The Supreme Court of Liberia, following heated legal arguments in the alleged US$1,397,255,000 theft of property case involving former Transitional Government Chairman, Charles Gyude Bryant, will tomorrow hand down its ruling.
The court sometime this year entertained arguments and counter arguments from both legal representations with the prosecuting party claiming that the former Chairman Charles Gyude Bryant did not serve Liberia as a president but rather as a caretaker and hence should face trial for his alleged crime of theft.
But Bryant's legal team, headed by Cllr. Theophilous Gould animatedly argued before the then Johnnie N. Lewis incomplete bench that Chairman Bryant holds the same right as a former head of state and as such should not face trial.
The lawyers of the former chairman in a writ of prohibition filed to the country's highest legal arbiter furthered argued that the Liberian Constitution under Articles 61 and 62 protects their client from prosecution on account of any action done by him while serving as head of state.
They claimed that the former chairman, as part of his presidential immunities, should be exempted from any legal proceedings as is with the on going one.
The defense lawyers however prayed before the Supreme Court to use its ultimate powers to put halt to the entire trial into the alleged US$1.3M theft case involving the former Chairman, Charles Gyude Bryant.
In counter argument, the state differed with Bryant's legal representations on grounds that the former chairman was never elected by the people but rather selected by a few handful of people to perform a particular piece of job.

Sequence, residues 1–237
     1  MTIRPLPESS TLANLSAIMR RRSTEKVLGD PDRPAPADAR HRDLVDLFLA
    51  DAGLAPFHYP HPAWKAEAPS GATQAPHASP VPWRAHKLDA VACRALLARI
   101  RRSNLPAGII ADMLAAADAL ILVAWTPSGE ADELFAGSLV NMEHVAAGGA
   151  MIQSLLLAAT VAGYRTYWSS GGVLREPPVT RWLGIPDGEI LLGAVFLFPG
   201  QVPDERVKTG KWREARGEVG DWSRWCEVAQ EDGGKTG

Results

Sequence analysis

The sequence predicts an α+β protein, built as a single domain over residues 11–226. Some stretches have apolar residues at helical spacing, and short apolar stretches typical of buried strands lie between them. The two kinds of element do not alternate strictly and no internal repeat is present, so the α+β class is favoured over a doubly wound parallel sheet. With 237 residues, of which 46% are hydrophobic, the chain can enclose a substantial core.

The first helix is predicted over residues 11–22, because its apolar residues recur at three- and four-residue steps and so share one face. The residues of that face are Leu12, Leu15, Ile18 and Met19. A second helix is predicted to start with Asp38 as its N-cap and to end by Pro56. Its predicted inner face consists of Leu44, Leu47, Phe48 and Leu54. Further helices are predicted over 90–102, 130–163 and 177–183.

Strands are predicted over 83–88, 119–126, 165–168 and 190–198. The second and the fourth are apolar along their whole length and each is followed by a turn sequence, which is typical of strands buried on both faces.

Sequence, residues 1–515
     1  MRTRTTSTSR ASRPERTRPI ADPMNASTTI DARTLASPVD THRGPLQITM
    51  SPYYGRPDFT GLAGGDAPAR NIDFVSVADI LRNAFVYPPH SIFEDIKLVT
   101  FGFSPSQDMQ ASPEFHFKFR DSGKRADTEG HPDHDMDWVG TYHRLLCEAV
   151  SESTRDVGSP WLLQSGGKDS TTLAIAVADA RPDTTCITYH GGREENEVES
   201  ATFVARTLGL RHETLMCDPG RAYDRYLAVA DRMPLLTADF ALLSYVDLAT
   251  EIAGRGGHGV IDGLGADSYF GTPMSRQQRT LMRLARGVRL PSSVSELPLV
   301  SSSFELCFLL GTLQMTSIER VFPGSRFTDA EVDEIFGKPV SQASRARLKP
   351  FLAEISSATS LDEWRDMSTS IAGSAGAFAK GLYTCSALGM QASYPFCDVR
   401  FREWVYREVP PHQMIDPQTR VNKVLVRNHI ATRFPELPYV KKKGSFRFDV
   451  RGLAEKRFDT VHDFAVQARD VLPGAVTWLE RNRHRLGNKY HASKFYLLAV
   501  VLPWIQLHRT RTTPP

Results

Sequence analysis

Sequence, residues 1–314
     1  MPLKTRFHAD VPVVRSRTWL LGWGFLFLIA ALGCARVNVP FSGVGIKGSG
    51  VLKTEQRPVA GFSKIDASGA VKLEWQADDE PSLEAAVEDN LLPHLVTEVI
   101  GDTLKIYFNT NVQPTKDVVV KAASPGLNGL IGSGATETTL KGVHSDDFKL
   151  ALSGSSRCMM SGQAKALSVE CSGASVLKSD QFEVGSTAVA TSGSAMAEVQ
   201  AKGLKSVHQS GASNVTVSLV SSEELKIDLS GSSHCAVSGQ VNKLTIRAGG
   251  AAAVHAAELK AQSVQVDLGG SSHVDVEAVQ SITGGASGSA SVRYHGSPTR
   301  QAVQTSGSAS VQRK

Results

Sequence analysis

The state further disagreed with the defense counsel arguing that the former chairman was never elected as Article 1 of the Liberian Constitution enshrines.
Predicated upon these arguments and counter arguments and after thoroughly looking into the various claims, the Supreme Court of Liberia is expected to finally decide whether or not the former chairman will face trial or will he enjoy presidential immunities and be set free.
In February, the former chairman was indicted for allegedly diverting and squandering US$1.3M of state funds.
The indictment states that the former chairman violated Chapter 15, section 15.5 (a. b and c) of the New Penal Code of Liberia which states that a " person is guilty of theft if he knowingly takes, misappropriates, converts, or exercise unauthorized control, over or unauthorized transfer of an interest in, the property of another with the purpose of depriving the owner thereof."
Meanwhile, former speaker Edwin Melvin Snowe who is also facing corruption charges at the Monrovia Magisterial Court risks being re-arrested after state lawyers challenged his criminal appearance bond.
The Magisterial Court on last Thursday also entertained legal arguments from both Snowe's defense team and that of the state but has reserved its ruling for tomorrow.
The bond of the former speaker was challenged on grounds that the insurance company that filed in for him owes the government taxes and has failed to pay thereby invalidating the bond.
The state in view of the foregoing requested the court to have the former speaker re-arrested and place behind bars until his bond can be properly represented.